The story definitely feels like The X-Files, and that’s enough to bring a lot of fans back in. As Mulder and Scully, Duchovny and Anderson never disappointed and jump right back into their roles here without missing a beat. And Billy Connolly as Father Joe, along with Amanda Peet and Xziibit, make nice additions to the cast. Watching the movie you realize you’re just happy it’s back.

In the end, going back to The X-Files is like sitting on an old couch. One that’s perfectly grooved to the shape of my ass. Comfortable. Reliable. Revisiting these characters is like going back home, and that’s why I can turn a blind eye to any of the movie’s shortcomings. There’s a scene toward the end of the movie when (**SPOILER ALERT!**) AD Skinner turns up, and you heard half the theater go, “There he is!”. Stuff like that is half the fun of these movies. You go in and your already friends with everybody.

There are a lot of people saying that Carter and co. should have skipped another movie altogether. One complaint I’ve heard is that the show’s become irrelevant since it went off the air. Probably one of the dumbest things I’ve ever heard. One, it’s only been six years since the show ended. Two, I think audiences are still hungry for these types of stories. I don’t think I can watch FOX for five minutes without having three or four commercials for Fringe thrown in my face. So… me 1. Haters 0.

The movie has a few structure issues, but it’s a worthy edition to the X-Files universe, especially if Carter follows it up with his proposed sequel dealing with the imminent alien invasion, the date of which was revealed in the series’ last episode. Non-fans won’t mind waiting a few months to check it out, but X-Philes will be eager to jump back on board.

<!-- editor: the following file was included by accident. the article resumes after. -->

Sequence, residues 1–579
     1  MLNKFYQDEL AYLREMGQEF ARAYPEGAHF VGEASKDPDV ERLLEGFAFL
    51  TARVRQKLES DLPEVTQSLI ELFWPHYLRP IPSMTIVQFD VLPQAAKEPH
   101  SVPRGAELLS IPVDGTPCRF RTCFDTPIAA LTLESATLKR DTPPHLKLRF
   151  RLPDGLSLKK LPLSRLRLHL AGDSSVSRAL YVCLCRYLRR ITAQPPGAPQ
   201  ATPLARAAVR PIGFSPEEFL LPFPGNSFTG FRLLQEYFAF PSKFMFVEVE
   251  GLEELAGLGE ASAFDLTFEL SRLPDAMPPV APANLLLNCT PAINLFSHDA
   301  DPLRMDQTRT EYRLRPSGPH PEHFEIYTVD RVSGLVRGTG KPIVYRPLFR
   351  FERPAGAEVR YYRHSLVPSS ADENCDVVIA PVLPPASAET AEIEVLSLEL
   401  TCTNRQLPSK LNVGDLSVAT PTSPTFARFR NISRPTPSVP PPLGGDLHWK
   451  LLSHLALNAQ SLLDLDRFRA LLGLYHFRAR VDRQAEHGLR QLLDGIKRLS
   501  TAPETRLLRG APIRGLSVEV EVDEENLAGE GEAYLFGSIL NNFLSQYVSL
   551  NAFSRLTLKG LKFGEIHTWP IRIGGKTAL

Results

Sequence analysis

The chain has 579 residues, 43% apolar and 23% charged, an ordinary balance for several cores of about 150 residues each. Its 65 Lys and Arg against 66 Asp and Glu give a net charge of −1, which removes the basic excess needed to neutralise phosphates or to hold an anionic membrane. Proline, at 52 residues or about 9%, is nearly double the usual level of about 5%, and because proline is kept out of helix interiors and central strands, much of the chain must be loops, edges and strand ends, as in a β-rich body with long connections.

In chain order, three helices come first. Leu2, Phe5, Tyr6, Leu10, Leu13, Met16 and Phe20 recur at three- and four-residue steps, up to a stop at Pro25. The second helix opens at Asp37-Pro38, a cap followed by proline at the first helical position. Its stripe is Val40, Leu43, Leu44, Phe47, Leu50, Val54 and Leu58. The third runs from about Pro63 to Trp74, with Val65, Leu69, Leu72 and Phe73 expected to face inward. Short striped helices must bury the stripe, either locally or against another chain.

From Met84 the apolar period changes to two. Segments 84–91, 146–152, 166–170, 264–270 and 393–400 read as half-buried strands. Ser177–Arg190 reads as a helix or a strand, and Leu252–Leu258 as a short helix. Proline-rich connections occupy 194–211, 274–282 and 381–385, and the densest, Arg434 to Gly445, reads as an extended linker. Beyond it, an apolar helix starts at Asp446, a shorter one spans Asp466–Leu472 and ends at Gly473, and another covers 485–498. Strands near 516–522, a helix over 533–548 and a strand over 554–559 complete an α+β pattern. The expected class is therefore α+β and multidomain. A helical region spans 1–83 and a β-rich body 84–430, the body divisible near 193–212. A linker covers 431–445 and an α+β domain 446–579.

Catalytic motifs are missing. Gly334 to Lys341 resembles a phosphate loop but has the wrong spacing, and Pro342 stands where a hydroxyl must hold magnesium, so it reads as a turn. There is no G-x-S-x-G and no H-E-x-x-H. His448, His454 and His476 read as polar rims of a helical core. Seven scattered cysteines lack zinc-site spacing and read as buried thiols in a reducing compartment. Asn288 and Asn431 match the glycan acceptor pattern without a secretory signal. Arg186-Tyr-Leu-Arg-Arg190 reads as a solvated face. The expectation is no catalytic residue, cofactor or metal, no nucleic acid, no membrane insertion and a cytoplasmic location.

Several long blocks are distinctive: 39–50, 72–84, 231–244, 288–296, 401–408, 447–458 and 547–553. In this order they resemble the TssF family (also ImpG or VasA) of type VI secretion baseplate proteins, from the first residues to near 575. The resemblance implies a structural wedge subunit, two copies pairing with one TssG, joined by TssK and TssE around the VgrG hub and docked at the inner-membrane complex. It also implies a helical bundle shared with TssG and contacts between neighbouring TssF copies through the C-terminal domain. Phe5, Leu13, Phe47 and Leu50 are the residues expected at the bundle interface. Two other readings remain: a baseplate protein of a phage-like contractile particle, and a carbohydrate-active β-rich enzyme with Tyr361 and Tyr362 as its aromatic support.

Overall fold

7 out of 10 stars

So You Think You Can Dance musings

I should have had a running commentary going from the beginning of the season, since this one has been so different from the past three. Anyway, these are some random thoughts I’ve had after watching the show these past few weeks…

1. If I woke up one morning and read that Mary Murphy had been hit by a train, would I be sad? (extra points if she’s hit by a Hot Tamale Train)

2. Is it just me, or is Mia Michaels slowly disappearing up her own a**hole?

3. A few years back, my grandfather was diagnosed with cancer. The doctors would go in and operate and then check again, but the cancer was still there. Comfort and Mark are kind of like that (well, Mark anyway).